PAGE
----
Monday, July 13, 2020

The most accurate equations in all of physics

A beautiful and profound article, Superconductivity and the Quantization of Energy, by D.G. McDonald was published in Science in 1990.
Ideas about quantized energy levels originated in atomic physics, but research in superconductivity has led to unparalleled precision in the measurement of energy levels. A comparison of levels produced by two Josephson junctions shows that they differ by no more than 3 parts in 10^19 at an energy of 0.0003 electron volt. The fact that the myriad of interactions of 10^12 particles in a macroscopic body, a Josephson junction, can produce sharply defined energy levels suggests a dynamical state effectively divorced from the complexities of its environment. The existence of this state, the macroscopic quantum state of superconductors, is well established, but its isolation from intrinsic perturbations has recently been shown to be extraordinary. These new results, with an improved precision of about ten orders of magnitude, are discussed in the context of highly accurate results from quantum electrodynamics, atomic spectroscopy, and the standards of metrology.  
McDonald suggests that the equations associated with the AC Josephson effect are the ``most accurate equations in all of physics". The central equation is the relationship between the voltage V across a junction and the frequency, nu, of the radiation shone on the junction.
The proportionality constant is the Josephson constant,
where e is the electronic charge and h is Planck's constant. Thus, the Josephson effect provides a means to make a macroscopic measurement of fundamental constants that are normally associated with measurements of atomic systems.

The relative value of the Voltage V in two different Josephson junctions can be measured with great precision using a SQUID. One obtains the same value for a range of systems of different chemical composition and Josephson junctions of different design.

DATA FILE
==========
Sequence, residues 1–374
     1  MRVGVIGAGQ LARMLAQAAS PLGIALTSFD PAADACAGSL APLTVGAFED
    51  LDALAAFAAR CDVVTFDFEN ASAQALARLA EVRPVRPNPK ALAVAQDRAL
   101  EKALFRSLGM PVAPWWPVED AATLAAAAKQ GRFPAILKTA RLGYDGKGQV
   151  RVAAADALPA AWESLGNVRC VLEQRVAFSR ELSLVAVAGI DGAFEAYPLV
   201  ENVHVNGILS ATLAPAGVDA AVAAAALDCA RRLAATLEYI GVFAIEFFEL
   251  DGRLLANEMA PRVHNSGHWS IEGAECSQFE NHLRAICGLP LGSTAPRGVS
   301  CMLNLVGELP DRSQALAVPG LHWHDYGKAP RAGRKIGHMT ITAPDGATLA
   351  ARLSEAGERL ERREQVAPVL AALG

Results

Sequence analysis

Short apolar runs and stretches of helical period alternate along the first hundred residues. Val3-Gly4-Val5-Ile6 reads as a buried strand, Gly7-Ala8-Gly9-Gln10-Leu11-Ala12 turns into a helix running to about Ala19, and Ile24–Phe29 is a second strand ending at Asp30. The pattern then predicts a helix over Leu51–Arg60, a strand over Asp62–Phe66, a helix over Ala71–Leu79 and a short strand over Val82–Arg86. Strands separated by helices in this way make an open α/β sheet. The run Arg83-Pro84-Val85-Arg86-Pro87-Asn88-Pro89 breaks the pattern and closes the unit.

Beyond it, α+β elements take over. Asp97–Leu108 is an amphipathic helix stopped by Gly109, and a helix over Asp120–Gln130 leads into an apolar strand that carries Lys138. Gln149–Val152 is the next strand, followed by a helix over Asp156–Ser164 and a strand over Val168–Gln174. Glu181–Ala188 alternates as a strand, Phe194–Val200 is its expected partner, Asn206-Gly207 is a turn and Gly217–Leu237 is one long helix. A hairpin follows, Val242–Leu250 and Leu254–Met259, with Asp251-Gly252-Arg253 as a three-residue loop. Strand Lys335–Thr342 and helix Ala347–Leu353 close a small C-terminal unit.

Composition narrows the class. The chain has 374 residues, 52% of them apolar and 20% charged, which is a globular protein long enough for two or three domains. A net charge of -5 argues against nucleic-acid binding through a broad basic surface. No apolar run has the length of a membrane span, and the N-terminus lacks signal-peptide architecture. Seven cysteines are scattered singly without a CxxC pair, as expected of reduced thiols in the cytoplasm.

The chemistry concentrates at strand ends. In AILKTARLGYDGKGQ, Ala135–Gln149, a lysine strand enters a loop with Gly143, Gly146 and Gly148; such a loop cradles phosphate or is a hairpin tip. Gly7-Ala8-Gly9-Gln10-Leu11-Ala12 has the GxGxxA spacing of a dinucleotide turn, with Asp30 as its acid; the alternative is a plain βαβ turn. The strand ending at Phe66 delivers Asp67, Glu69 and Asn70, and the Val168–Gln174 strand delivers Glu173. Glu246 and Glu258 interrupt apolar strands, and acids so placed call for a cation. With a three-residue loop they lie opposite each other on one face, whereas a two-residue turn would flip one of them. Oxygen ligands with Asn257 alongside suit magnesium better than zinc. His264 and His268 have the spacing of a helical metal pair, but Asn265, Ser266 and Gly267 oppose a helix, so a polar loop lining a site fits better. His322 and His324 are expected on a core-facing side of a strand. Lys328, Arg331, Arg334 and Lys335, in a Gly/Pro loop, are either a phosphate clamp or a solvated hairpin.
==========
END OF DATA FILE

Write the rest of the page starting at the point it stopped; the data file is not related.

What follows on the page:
On a philosophical level, these results are a beautiful illustration that superconductivity is an emergent state of matter and that the Josephson effect is an emergent effect. An important characteristic of emergent phenomena are that they are independent of most of the chemical and structure details of the materials involved.

These observations had important implications for metrology (the scientific study of measurement and the associated units and standards). In 1990 an international agreement was made that the voltage standard based on Weston cells (a particular type of electrical battery) would be replaced by the Josephson voltage standard. This change was not just one of precision, but also portability, reproducibility, and flexibility. The old voltage standard involved a specific material and device and required duplication in order to have an accurate standard. In contrast, the Josephson standard is independent of the materials used and the details of the device.

All of the above illustrates how much Josephson matters.


  1. Impressive facts, and well explained, thanks!

  2. For outreach purposes, could you give some examples of practical uses and implications of the much higher precision and reproducibility of the Josephson voltage standard?

    1. I think the answer is simply that there aren't any practical uses for the better voltage standard. Some may say quantum computing, but that is not correct, they don't use the voltage standard as a voltage standard there.